Census numbers tell of stagnancy and slow recovery

Today is the big day that comes each year: the release of American Community Survey figures on income and poverty.

Ready for some numbers?

Michigan’s household median income in 2013 ($48,273) was a bit higher than in 2012, but is nearly $1,000 lower than in 2009. The income bracket that grew the largest from 2009 to 2013 was the share of Michigan households who make under $10,000 a year. The only other income bracket with a significant share increase was households making more than $200,000 a year. These numbers taken together suggest that the slow economic recovery in Michigan is primarily benefiting those at higher incomes.

The 2013 poverty rate remained basically the same as the year before at 17%. Child poverty went down from 24.9% to 23.8%. While a 1 percentage point decrease is not the type of thing to make headlines, it still is a good trend.  But unfortunately, the child poverty rate remains higher than in 2009.

The percentage of renters with unaffordable rent (rent that consumes over 1/3 of household income) also improved over the past several years. In 2009, nearly 47% of renters paid more than 35% of their income for rent, and in 2013, that number was down to nearly 44%. But 44% of renters paying unaffordable rent is still too many!

One area that showed decisive improvement is in the educational level of Michigan residents over 25 years of age. The respective percentages with associate, bachelor’s and graduate degrees all significantly increased from 2009 to 2013, while the percentages with no high school diploma or only a high school diploma significantly decreased. (This is important because having a postsecondary credential is becoming increasingly important, even in trades which traditionally required only a high school diploma and on-the-job training.)

Overall, the 2013 census figures have little by way of good news or terrible news. The main story is one of stagnancy, which in Michigan’s current climate means the improvement we have been hoping for has not really happened yet.

The Michigan League for Public Policy has outlined some options that we urge policymakers to consider:

  • Restore the Michigan Earned Income Tax Credit, which helps over 1 million children in families receiving the credit in Michigan. It was cut from 20 percent of the federal credit to 6 percent of the federal credit in 2011.
  • Raise the minimum wage to a higher level than what has recently been legislated ($9.25 by 2018). Polls show strong public support for $10.10 an hour and studies show that such an increase will not hinder job growth.
  • Resist more business tax cuts that would starve education and other needed state programs that help families.
  • Return unemployment benefits to a maximum of 26 weeks to provide a safety net while unemployed workers look for work.  The Michigan Legislature cut the maximum to 20 weeks in 2011.
  • Find ways to get more food assistance to the hungry. Michigan has options to expand federal food benefits in the state.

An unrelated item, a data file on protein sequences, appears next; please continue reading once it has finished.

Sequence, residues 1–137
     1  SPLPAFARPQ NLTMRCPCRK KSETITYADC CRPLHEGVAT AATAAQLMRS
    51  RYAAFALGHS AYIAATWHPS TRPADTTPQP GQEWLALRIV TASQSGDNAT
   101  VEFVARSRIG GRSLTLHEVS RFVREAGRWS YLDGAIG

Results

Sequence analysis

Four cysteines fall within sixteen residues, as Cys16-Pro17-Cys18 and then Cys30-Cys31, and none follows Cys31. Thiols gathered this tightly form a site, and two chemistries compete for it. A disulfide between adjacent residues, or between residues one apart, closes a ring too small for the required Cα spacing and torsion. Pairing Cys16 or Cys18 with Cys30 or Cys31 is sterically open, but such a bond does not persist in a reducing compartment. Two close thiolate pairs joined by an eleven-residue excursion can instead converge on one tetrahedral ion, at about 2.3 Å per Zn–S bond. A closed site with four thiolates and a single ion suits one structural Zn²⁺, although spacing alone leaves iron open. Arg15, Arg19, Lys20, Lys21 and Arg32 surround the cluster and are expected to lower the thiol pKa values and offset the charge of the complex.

• Enact policies that make it easier for workers earning low wages to develop skills and obtain credentials.

– Peter Ruark

Healthcare coverage on the upswing

There is some good news out today in terms of health insurance.

The share of uninsured people in Michigan fell from 11.4% in 2012 to 11% in 2012, according to today’s Census Bureau release, with major additional improvements expected ahead due to the Affordable Care Act.

Still, more than 1 million in Michigan were without health insurance in 2013, according to the Census Bureau. That number is expected to decline dramatically as the Healthy Michigan Plan (Michigan’s Medicaid expansion), Marketplace enrollment and other provisions in the Affordable Care Act get counted in the numbers that will be released next fall.

One big driver of that will be the unexpectedly high number signing up for the Healthy Michigan Plan. In last than six months, starting April 1, nearly 386,000 uninsured adults were enrolled, well beyond the state’s year-long goal. In addition, nearly 273,000 have enrolled for health coverage through the federally facilitated Marketplace. And let’s not forget the popular Affordable Care Act provision that allowed parents to cover their adult children until age 26.

Two new studies are documenting the positive impacts already.

The Urban Institute’s Health Reform Monitoring Survey finds that states such as Michigan that have expanded Medicaid are making far greater progress in covering parents of children in low-income families than states that have not expanded Medicaid.

New data from the Centers for Disease Control and Prevention released today also indicates a 3.8 million drop across the country in the number without health coverage in 2014, a period not yet covered in today’s census release.

Last year, Gov. Snyder and the Michigan Legislature voted to expand Medicaid, one of 27 states that have now taken that step.

As the League President & CEO Gilda Z. Jacobs said in a news release today: “This is good not only for the people getting the coverage they need, it’s also good for our state’s businesses, communities, and economy.’’

– Judy Putnam

League supports Michigan’s move to cleaner energy

The Michigan League for Public Policy has recently added clean energy as a focus area in our policy and advocacy work.

Clean energy is an important issue for the organization, as well as our state, as Michigan looks to implement Environmental Protection Agency’s policy to reduce carbon emissions nationwide. While the state has been on the way to supplying some of its electricity with renewable energy sources such as wind, solar and bioenergy with a goal to meet 10% by 2015, we need to do more.

Michigan currently has nine coal-fired electricity generating units, with health-related costs associated with emissions from these facilities totaling $1.5 billion annually. These health issues range from asthma to cancer, and heart and lung disease.

According to a 2011 study by the Michigan Environmental Council, 180 premature deaths, 680,000 cases of asthma irritations and 140 asthma emergency room visits are attributed to pollution from burning coal in Michigan every year.

People of color and those who are economically vulnerable are most likely to suffer these health complications. This is because the coal-fired power plants tend to be in neighborhoods of low- to moderate-income people, affecting those populations disproportionately.